3. There are legitimate reasons a lot of Muslim women aren’t studying Islam traditionally in a Muslim country in a seminary. We shouldn’t be saying, “You think she’s a scholar? Oh yeah? What are her qualifications?” We should be asking “Why aren’t more Muslim women scholars choosing to take the madrasah route? Why’s the madrasah so much more appealing to men than to women?” Because the madrasah system is too patriarchal to begin with; the madrasah system of “qualifications” is intrinsically designed to prevent women from exercising authority. That’s to say, something’s wrong with our expectations and demands for qualifications, with the system itself, not with the women.
Let me quote/summarize one of Kecia Ali’s points on this problem here: She argues that male authority has been successfully continued because of the Islamic tradition’s tendency to privilege textual Islam as not only more authentic than lived Islam but actually the only authentic source (Sexual Ethics & Islam: Feminist Reflections on the Qur’an, Hadith, and Jurisprudence, p. 155). This specific discussion is about sex and marriage, but it’s applicable to any and all topics:
Although there are no restrictions on female participation in scholarly endeavors in theory – and a number of exceptional women, past and present, have been recognized as religious authorities, there are significant practical obstacles to female education in madrasa-settings. Likewise, there are social considerations restricting the ascription of religious authority to women. If mastery of the classical tradition is required in order to be considered credible, women are likely to be marginalized, if not entirely excluded, from interpretive reforms. And it matters deeply that women, whose concerns and perspectives differ from men’s, be among those engaging in renewed ethical thought on topics including marriage and sex. (Also page 155 of Sexual Ethics)
The point about textual versus lived Islam is critical to the discussion of women’s authority. You can read more about it in Leila Ahmed’s A Border Passage: From Cairo to America–A Woman’s Journey (where she discusses “two quite different Islams, an Islam that is in some sense a women’s Islam and an official, textual Islam, a ‘men’s’ Islam” – page 123 – an insightful comparison of her Islamic knowledge and training as a child/girl and Zeinab al-Ghazali’s begins on page 122. Ahmed makes some thoughtful conclusions that are relevant to this discussion of men’s and women’s Islam and of authority).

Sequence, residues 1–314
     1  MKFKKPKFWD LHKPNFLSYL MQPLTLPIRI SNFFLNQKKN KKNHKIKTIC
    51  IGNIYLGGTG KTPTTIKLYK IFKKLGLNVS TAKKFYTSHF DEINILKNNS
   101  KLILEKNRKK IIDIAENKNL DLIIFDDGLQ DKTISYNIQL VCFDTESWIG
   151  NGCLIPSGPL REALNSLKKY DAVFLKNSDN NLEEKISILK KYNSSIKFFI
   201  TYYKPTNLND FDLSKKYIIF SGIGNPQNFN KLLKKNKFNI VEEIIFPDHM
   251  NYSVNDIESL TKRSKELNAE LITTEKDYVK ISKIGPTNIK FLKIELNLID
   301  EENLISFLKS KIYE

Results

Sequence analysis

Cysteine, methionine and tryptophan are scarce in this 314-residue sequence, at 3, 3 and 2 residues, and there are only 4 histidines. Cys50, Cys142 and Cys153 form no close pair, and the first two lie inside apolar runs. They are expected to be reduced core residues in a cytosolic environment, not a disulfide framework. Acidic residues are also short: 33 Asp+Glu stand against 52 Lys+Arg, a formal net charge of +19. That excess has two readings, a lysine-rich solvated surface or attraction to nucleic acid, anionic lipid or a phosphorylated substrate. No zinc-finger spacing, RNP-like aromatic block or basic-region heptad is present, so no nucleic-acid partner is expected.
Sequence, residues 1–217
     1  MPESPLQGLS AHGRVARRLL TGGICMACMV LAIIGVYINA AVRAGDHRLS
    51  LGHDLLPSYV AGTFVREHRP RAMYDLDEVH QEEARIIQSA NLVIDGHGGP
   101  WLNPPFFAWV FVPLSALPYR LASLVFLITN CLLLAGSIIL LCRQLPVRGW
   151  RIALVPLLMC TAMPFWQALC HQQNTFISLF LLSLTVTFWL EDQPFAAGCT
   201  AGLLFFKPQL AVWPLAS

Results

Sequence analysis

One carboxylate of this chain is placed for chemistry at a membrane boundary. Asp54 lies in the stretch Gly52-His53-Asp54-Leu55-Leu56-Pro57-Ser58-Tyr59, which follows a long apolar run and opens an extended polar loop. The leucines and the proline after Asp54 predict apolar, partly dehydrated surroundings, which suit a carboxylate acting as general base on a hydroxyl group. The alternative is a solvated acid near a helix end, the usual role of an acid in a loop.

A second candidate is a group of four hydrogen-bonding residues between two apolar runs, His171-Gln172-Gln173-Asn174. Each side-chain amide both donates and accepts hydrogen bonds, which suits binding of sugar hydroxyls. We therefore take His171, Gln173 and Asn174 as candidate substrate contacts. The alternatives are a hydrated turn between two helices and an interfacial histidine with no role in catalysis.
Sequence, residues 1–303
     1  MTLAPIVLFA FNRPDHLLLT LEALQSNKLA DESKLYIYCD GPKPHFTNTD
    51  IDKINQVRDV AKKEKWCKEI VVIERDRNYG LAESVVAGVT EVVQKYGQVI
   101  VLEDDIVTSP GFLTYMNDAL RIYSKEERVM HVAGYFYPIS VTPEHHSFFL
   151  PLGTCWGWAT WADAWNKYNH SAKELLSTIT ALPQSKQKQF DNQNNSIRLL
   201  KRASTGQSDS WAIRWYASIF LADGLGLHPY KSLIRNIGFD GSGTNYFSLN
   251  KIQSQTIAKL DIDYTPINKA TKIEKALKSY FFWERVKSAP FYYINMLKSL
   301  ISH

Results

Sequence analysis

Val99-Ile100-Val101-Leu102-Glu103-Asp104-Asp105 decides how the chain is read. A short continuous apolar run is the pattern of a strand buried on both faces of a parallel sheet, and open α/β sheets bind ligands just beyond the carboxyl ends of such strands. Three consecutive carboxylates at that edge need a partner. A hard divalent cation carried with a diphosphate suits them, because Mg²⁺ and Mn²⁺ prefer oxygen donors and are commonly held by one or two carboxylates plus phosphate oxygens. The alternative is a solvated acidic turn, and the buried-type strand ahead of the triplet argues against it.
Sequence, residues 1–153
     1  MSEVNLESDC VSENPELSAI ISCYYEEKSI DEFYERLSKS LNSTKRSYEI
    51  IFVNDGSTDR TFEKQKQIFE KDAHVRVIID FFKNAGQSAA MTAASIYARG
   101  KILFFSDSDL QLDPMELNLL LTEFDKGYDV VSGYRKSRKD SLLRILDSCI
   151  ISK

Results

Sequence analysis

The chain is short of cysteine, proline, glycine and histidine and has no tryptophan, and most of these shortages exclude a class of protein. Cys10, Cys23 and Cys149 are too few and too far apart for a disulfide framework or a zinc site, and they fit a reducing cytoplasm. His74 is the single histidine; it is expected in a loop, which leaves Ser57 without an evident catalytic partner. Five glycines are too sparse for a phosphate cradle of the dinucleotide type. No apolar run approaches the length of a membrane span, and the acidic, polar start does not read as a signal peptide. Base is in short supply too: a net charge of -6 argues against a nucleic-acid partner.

Juliane Hammer (American Muslim Women, Religious Authority, and Activism: More Than a Prayer) again, who writes (and all typos and errors are mine, not the author’s):
The women scholars, challenged and questioned in different venues, are keenly aware of these challenges, which often take the form of personal attacks, and tend to explain their need to engage in exegesis in two ways: as a personal voyage of faith and their direct challenge to the classical Islamic interpretive tradition and the educational structures associated with it. As Muslim women they have no choice but to challenge the traditional system of knowledge transmission and preservation, for there has historically been little space for them within such a system. And while women could historically acquire Islamic knowledge, their ability to build interpretive communities was hampered by their social and legal status in Muslim societies. (Page 116)
Also, there’s no agreement on what makes a person a scholar. Who decides which institutions we should be trained in in order to be an authority on Islam? (Remember what that Twitter scholar said earlier? That al-Azhar isn’t even legit anymore? Yeah.) Who decides what valid training in Islamic studies looks like? Who decides which kinds of Islam we should be supporting, embodying, and imparting to others? Who decides which former scholars are legit and which ones not?
Besides, which of the “real” Islamic institutions even allow female students? How many of them have female teachers? What kinds of women will they permit in their institutions? (Just FYI, I once tried to set foot in al-Qarawiyyeen, a university in Fez, Morocco, founded by a Muslim woman–Fatima al-Fihri–in the 9th century, and the men forbade me, saying, “men only!” This was a tragic experience because I was so excited to be in Morocco because I wanted to visit al-Qarawiyyeen desperately. I’m sure I would’ve been able to had I reached out to the “right” people – but why? Why should I have to know the right people to enter a university that, of all things, was even founded by a woman?!) And then can you imagine a woman like me in a male-/patriarchy-dominated institution? I have a hard time in a secular environment from time to time keeping my mouth shut, and I cannot imagine what it must be like to be myself in a religious, patriarchally traditional environment where to disagree with (men) scholars is to disagree with God.
Imagine my friends’ reaction when I tell them that after graduation, inshaAllah, I will be going abroad to an Arab country to study at a traditional Islamic institution. Be trained in a secular academic setting and in a religious one; let’s see what patriarchy says then. (And I bet no Muslim man ever has to worry about having to do this in order to be able to say, “I do have credentials: I studied at Muslim Institution X.” I can’t even imaging being at Al-Maghrib, which is in the West, let alone in an Arabic-speaking country where I’ve been before and where I have faced serious problems during my 2-month stays (in three such countries), let alone if I were to go for longer.